Dutch designer Marcel Wanders first gained international recognition for his iconic Knotted Chair in 1996. He has since worked with prominent brands, including bathroom accessories specialist Geesa and most recently with LG Hausys on its Hi-Macs surface range. Rebecca Nottingham gets his impressions of design standards in the KBB industry
Tell us about your recent collaboration with LG Hausys on its new Lucia Hi-Macs colour range?
Working with LG Hausys makes me feel confident that I can make something beautiful as well as functional, and create without boundaries. Also, their vision of human-friendly, eco-conscious living spaces is in accord with how I approach many of my interior designs. I get a genuine sense that everything they design is meant for those who experience their products to connect with them in the most meaningful ways. Simply put, we share a belief in bringing real value to people.
How do you rate the general level of design in the kitchen industry?
The level of thinking that is going into the design of kitchens is vastly improved from even just a few years ago. We are seeing new shapes and new modernism coming of age in the kitchen. Minimalist décor is a movement now and open floor plans are drawing the kitchen and the living room together, allowing the design of one to influence the aesthetics of the other. As fashion, furniture and architecture continue to become more and more stylish, I believe we will see the same effect arise in the kitchen. There are areas of the market where you see cutting-edge design. But, like everything else, I believe design standards can still be pushed.
What about the bathroom industry? How design-led are products in that sector?
The bathroom will always be about elegant functionality. Because of the nature of the bathroom setting, as a place reserved for relaxation and rejuvenation, products in this category benefit when a bit more attention is given to how products make people feel. It’s such a personal space, so design plays a crucial role in bathrooms. It is no longer just about how a sink works with the surface it sits upon or in relation to the enclosure and flooring, but how they all work in relation to the user.
Is this an interesting period for design in the kitchen and bathroom industries or, like some experts suggest, have we reached the peak of creativity?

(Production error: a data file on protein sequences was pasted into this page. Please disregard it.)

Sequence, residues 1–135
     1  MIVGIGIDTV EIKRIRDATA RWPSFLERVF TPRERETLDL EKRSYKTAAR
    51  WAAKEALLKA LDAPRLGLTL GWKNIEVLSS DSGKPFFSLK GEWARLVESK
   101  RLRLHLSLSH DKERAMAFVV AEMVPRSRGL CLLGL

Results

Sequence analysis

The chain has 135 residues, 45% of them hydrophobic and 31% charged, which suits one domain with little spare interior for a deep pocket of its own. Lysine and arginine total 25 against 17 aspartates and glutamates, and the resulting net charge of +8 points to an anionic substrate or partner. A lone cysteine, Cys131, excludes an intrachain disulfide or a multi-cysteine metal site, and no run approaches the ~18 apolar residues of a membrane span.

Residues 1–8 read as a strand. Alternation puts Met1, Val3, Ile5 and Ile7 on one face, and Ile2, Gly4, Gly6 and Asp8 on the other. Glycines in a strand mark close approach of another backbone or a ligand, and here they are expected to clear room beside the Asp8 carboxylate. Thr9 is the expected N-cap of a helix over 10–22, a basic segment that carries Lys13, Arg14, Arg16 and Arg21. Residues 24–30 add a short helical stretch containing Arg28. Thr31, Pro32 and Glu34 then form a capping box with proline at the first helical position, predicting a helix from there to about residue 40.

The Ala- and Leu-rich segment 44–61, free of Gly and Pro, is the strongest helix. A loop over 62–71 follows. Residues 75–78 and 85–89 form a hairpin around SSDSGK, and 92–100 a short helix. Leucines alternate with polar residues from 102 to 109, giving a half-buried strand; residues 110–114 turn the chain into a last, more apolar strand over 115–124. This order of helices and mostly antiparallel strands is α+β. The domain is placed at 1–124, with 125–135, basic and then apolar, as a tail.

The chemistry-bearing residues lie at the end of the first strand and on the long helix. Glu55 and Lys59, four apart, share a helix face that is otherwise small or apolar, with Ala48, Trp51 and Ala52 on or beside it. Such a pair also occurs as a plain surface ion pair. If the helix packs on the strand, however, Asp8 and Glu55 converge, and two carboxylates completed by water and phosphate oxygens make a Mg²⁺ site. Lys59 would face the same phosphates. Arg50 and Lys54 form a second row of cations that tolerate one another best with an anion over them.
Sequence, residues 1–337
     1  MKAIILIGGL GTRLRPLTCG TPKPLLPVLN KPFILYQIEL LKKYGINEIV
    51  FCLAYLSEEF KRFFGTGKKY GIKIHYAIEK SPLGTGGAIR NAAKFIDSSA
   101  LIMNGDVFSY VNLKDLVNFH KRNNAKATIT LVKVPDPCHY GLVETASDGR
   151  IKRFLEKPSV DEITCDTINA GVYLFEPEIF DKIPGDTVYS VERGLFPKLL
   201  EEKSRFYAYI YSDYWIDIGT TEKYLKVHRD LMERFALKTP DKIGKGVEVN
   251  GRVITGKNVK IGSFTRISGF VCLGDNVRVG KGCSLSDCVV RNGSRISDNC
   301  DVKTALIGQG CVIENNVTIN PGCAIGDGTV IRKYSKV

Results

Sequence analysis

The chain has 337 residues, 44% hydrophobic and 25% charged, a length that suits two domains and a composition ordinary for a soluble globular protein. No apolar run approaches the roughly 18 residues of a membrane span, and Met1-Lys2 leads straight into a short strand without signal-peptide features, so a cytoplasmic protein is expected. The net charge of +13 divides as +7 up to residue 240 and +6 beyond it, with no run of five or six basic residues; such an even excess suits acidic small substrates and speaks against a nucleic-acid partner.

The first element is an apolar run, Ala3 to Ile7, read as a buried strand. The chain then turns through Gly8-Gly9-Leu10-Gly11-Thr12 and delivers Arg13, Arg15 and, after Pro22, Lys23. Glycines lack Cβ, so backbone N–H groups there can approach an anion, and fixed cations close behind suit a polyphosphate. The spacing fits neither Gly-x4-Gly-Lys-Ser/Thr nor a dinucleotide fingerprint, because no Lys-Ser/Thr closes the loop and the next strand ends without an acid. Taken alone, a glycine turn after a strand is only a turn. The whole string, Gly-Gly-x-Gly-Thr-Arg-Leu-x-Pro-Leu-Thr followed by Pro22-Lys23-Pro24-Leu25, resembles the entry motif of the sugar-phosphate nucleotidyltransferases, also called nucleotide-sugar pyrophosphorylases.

Things constantly change and evolve, so I would say that we are always at an interesting time for design. What is most apparent to me is that usually it is the new, the rational and the functional that are recognised and celebrated. However, I fear that this creates a disposable culture, because nothing ages as quickly as the new. I look at the kitchen, bedroom and bathroom industries and see the modern innovations, but think that if modernism considers the past irrelevant, what does that mean tomorrow for the things we create today? I certainly do not think we have reached our peak of creativity. The truest essence of what we do as designers is to continue to strive to discover new combinations that unveil something previously unseen that make new connections and create surprise and delight. With design, very often, just as you achieve something, something new reveals itself. The utmost beauty of design is that you never truly arrive.
What trends are you seeing in kitchen and bathroom design?
As kitchens have always been the place for communal gatherings, we are seeing more often that kitchens flow seamlessly into other living spaces. The kitchen, therefore, becomes just as much of a lounge area as it does a place to enjoy a meal. In this space, we are also seeing more modern colours, softer greys and neutrals. The colours and surface solutions in the Lucia collection I’ve created with LG Hausys play well into this new trend. In the bathroom, we have really seen a re-emergence of this personal space to function more like a spa or retreat. New bathroom designs are taking a more holistic approach as well.
There has been a focus recently on sustainability and ‘eco-friendly’ design. Do you think it’s necessary? The retailers we speak to say that consumers are only driven by performance of a product and the overall experience…
Humans by nature are very slow to change. So, yes, in one sense, consumers simply want a product to perform as it should and even exceed their expectations. But my feeling is that if they were to stop and consider the effects the products we use have on the environment, most people would choose something that was both environmentally-friendly and functional. I am concerned at how careless we can be with the word sustainability. We almost use it so often that it becomes commonplace and loses some of its ability to be a powerful agent for change.
Do you think the industry is doing enough to promote and educate consumers on the benefits ‘eco-friendly’ products offer?
I think the idea of producing eco-friendly products has been on the rise for some time now. And moving forward, I think it will gain more momentum as we learn more and more about our environment and the limits of our natural resources. Of course, there is a delicate balancing act between what you want to promote as an industry and what the consumers are ready for. Often, change like this has to happen organically. These industries will listen to the market and drive change, or rather, support the change that is naturally occurring through shifts in culture, education and a better acceptance of our social responsibility.
Who or what is your design inspiration?
Inspiration really can come from anywhere or anything. I don’t design for the sake of design. My goal is for everything I make to be meaningful for the user. So my process and inspiration come from looking inside to create something that can make people’s most exciting dreams come true.